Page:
Saturday, April 30, 2011

Historical drama

If there is one thing that really annoys me about historians, then its the lack of scientific regard that often characterises the explanations of archeological finds. Time and time again the general public is treated to interpretation rather than fact, and I doubt this is just because funding requires public interest. I suspect the real reason is because most historians are not seeking answers, but rather romantic affirmation of their own theories

Take this article for example. Under a head line of Girl 'murdered' by Roman soldiers in north Kent it purports to be an explanation of a corpse found in the UK and some of the quotes are telling;
"She was killed by a Roman sword stabbing her in the back of the head," said Dr Paul Wilkinson, director of the excavation.

"By the position of the entry wound she would have been kneeling at the time."

How does he he know it was a Roman sword unless the weapon was still in the wound? Granted a gladius has a characteristic shape but its not a unique shape. Furthermore, how does he know the killing weapon was wielded by a Roman?
Dr Wilkinson said that she had been between 16 and 20 years old when she was killed, and her bones suggested that she had been in good health.

He also believes the body had then been dumped in what looked like a hastily dug grave.
So she was over 13 and therefore wasn't a girl at all. By the age of 20 she would have been considered a mature adult woman.
Dr Wilkinson said the body was found with some fragments of iron age pottery which would date the grave to about AD50, and suggest that she was part of the indigenous population.

Another indication of her origin, according to Dr Wilkinson, is the orientation of the body.

Romans buried their bodies lying east-west, whereas this body was buried north-south, as was the custom for pagan graves.
And would 'murdering' Roman's generally take ethnic burial considerations into account?
Many people have a romantic view of the Roman invasion, Dr Wilkinson said.

"Now, for the first time, we have an indication of how the Roman armies treated people, and that large numbers of the local populations were killed.

I'm amazed at this apparent sense of self importance. Roman history is packed full of examples of how Roman armies treated their enemies, and how local populations were treated also. The Roman's themselves made no secret of their severity. Yet this historian, throwing out bold assumptions with no scientific reserve, would have us believe that this single corpse of a dead woman tells us something unique about Rome?
"It shows how all invading armies act the same throughout history. One can only imagine what trauma this poor girl had to suffer before she was killed," he said.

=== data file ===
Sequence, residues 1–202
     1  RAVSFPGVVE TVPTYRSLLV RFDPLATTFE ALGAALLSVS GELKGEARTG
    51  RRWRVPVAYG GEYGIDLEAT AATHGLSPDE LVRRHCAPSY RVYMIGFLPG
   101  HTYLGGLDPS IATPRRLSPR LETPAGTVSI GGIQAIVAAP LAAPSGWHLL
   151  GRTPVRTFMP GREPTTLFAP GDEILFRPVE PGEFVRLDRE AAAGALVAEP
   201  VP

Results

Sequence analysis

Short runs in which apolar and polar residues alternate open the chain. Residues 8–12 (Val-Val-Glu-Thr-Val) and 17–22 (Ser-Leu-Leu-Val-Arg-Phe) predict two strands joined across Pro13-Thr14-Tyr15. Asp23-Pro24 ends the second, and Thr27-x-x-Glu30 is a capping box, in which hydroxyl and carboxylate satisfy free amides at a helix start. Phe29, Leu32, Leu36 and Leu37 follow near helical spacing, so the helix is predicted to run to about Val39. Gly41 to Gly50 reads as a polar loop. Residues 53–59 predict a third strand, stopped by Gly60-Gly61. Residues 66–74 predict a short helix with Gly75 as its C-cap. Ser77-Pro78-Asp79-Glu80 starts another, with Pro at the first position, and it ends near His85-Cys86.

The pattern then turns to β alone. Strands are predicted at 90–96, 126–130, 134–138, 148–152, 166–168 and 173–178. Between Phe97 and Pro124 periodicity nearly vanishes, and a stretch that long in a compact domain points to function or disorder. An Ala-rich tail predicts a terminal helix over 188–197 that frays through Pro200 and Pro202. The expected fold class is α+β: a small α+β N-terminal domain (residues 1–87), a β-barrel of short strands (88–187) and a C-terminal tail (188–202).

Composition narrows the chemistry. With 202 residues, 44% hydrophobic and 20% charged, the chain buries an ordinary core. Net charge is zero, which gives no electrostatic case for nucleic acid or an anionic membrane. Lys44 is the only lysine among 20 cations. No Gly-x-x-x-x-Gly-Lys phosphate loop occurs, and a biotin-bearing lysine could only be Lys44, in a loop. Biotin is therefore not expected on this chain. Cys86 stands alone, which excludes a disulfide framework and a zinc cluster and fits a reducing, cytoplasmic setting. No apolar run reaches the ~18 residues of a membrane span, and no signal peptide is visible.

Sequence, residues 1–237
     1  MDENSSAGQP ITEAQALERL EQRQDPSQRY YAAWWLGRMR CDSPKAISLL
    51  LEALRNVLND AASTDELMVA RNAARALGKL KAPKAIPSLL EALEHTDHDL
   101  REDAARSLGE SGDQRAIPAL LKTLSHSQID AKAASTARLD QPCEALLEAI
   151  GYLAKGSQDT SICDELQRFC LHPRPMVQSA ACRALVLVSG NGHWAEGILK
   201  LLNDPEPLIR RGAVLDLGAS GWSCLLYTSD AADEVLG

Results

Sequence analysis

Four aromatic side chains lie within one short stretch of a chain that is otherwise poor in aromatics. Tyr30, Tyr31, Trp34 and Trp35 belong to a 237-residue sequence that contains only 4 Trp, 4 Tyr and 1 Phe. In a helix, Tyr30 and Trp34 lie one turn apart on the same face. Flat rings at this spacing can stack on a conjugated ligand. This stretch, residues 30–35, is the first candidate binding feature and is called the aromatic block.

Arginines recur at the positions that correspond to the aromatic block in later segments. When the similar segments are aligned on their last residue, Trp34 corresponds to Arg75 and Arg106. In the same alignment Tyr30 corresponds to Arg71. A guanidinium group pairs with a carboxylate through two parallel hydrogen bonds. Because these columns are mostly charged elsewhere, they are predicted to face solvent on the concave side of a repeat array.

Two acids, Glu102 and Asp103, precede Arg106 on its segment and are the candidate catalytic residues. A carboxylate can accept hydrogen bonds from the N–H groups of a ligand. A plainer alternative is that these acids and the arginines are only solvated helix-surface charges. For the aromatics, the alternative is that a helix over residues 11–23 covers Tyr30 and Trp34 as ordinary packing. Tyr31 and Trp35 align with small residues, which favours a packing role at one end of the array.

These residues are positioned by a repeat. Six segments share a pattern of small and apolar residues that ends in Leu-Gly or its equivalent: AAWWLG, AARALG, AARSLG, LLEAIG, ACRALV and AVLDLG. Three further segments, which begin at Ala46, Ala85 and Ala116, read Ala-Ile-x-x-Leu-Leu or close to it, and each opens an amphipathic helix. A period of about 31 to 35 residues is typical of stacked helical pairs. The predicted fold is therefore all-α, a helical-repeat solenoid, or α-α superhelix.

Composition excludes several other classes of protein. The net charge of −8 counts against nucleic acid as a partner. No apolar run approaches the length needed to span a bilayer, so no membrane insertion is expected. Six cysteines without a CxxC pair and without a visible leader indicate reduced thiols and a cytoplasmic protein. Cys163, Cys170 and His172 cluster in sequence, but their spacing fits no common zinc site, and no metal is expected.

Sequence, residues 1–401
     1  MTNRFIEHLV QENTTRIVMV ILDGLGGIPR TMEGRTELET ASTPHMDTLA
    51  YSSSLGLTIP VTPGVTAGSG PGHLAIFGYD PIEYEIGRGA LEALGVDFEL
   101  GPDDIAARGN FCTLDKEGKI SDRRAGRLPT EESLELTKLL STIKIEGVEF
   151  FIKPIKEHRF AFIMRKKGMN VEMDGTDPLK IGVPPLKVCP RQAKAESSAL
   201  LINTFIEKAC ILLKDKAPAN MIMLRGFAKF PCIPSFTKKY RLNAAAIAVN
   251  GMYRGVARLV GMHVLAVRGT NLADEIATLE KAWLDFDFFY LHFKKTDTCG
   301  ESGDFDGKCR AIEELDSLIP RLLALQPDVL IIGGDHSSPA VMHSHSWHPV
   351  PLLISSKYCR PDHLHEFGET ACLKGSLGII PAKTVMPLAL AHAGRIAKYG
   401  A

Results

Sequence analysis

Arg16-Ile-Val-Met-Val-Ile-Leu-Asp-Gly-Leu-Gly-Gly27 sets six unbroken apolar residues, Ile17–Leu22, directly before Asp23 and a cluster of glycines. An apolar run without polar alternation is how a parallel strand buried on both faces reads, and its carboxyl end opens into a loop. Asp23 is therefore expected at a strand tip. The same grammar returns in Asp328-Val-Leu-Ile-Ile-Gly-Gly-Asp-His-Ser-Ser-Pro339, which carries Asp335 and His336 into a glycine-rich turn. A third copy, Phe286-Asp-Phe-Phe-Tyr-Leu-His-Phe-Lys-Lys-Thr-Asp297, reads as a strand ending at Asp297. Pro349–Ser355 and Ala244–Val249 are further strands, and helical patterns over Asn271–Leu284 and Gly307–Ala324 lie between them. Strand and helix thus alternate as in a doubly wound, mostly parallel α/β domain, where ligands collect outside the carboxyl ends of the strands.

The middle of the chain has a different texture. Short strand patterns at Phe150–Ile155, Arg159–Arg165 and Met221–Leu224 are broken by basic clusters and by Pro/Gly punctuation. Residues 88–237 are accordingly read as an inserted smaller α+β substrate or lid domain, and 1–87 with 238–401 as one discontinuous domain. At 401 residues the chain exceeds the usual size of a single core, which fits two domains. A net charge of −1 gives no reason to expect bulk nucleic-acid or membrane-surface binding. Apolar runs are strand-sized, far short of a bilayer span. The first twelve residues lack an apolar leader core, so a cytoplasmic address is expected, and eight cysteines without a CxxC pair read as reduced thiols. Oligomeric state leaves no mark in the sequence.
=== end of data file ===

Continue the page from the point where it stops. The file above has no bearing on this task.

It seems Dr Paul Wilkinson can imagine a lot! Far too much for his own credibility as a scientist. He has taken the nameless corpse of an unknown woman, whose reason for death has no evident explanation and turned it into a child victim of Roman brutality. He offers no evidence that the woman was a Briton, no evidence that she was killed by a Roman, no evidence that she was killed by an invading army, no evidence she was murdered, as opposed to say, being an executed criminal.

The explanation for Wilkinson's romantic notions seems evident in his own words, "how all invading armies act the same throughout history". This man is pandering to a preconception. He has fabricated a neat little tragedy to explain his corpse in a manner which fits with his own romantic assumptions.


Cyan said...

Romans buried their bodies lying east-west, whereas this body was buried north-south, as was the custom for pagan graves. And would 'murdering' Roman's generally take ethnic burial considerations into account?

Probably not, but we don't know that the executioner dug the grave. If she was buried in the Briton style, it's more natural to assume that the digger was a Briton and not a Roman, but that doesn't say anything about the executioner. It's possible that she was killed by a Roman soldier and that she was buried by her own people.

I understand that this type of work requires assumptions, but you're right about people leaning towards their own romantic inclinations. Modern western society does like a good story about an underdog, and that's what's been fabricated in this article. The reality is that there are a lot of different things that could have happened here.

Good post.

moif said...

According to the article, who ever buried her, did so in a shallow grave, with one foot left unburied. She was also buried near, but not in a local grave yard. To me that indicates the burial of a person of no significance, such a a criminal.

By criminal, I mean by the woman's contemporary society rather than our legal standards. The ancients had some very strange ideas regarding criminal behaviour on behalf of women (as do some people even today)

Cyan said...

My bad. I didn't link through to the original article. One foot left unburied...yeah, it does look like she was buried disrespectfully by her own people for whatever reason made her a person of no importance.

moif said...

Of course the orientation of a shallow grave might be utterly random...

Cyan said...

Indeed. If they couldn't bother to get her foot in, she was probably just tossed in and hastily buried without much regard to custom.

Oleg said...

I get the impression, through the archaeologists that I know, that archeology isn't really treated as a science.

What should be treated as hypothesis or theory, is actually treated more like fashionable thought or dogma.
In other words, a lot of archaeologists stop doing the prediction (retrodiction) / falsification thing.

(Obviously, all scientists are Human, and become attached to their ideas, there are financial and political considerations, and some fairly woolly edges, but mostly scientific ideas flourish or die because of evidence.)